A new error has been reported. Everyone who has ordered a 2018 San Francisco Silver Reverse Proof Set has a chance to get one.
On Aug. 7, reader Mark Warda sent this email to me: “I just received from the Mint a reverse proof set that seems to be an error. The half dollar is a normal reverse proof on the back, but the front looks like a circulation half, like it missed going through the frosting and mirroring process.
“Is this considered an error or just a defect?”
Warda asks the right question. It looks definitely like it is a collectible error. Instead of frosted fields, all of the obverse of the 2018-S half dollar seems to be mirrored.
It looks like a standard proof coin from 50 years ago before the Mint mastered the art of giving all coins a cameo look. It certainly doesn’t look like a reverse proof.
Let’s hope more of these are found and reported.
What a great way to enliven the month of August.
For an error to have value and to endure, like a 1955 doubled-die cent, it needs to be easily identified.
Lack of frosted fields on the obverse is easy to spot.
The error needs to have occurred on more than one or a handful of coins.
The paradox of error values is too few errors might make them scarce, but the general collecting public simply turns its back on them.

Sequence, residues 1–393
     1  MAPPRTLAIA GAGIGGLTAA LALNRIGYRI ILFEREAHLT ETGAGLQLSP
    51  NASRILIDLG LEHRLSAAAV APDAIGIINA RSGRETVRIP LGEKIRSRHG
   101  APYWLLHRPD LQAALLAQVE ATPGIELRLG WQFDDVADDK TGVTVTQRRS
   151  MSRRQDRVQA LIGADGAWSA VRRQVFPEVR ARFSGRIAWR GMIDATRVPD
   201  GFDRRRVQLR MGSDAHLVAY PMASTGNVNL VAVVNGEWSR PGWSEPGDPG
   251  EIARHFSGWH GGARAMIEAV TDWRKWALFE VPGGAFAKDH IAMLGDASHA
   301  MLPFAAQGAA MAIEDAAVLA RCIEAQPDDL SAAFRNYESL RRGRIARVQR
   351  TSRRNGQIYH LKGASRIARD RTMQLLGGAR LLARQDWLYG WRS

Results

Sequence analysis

So, look at the sets you have already received.
Or, consider sending in a new order before the Mint runs out of the reverse proof sets.
Currently, the Mint has reported sales of 164,119 of this reverse proof set.
This is up by 18,730 in the latest week.
Maximum mintage is 200,000.
The Mint has 35,881 remaining.
The existence of this error might just spur some fence sitters to buy.
This article was originally printed in Numismatic News. >> Subscribe today.
More Collecting Resources
• Error coins can bring big money. Learn to detect them and how to cash in on them with Strike It Rich With Pocket Change.
• Are you a U.S. coin collector? Check out the 2019 U.S. Coin Digest for the most recent coin prices.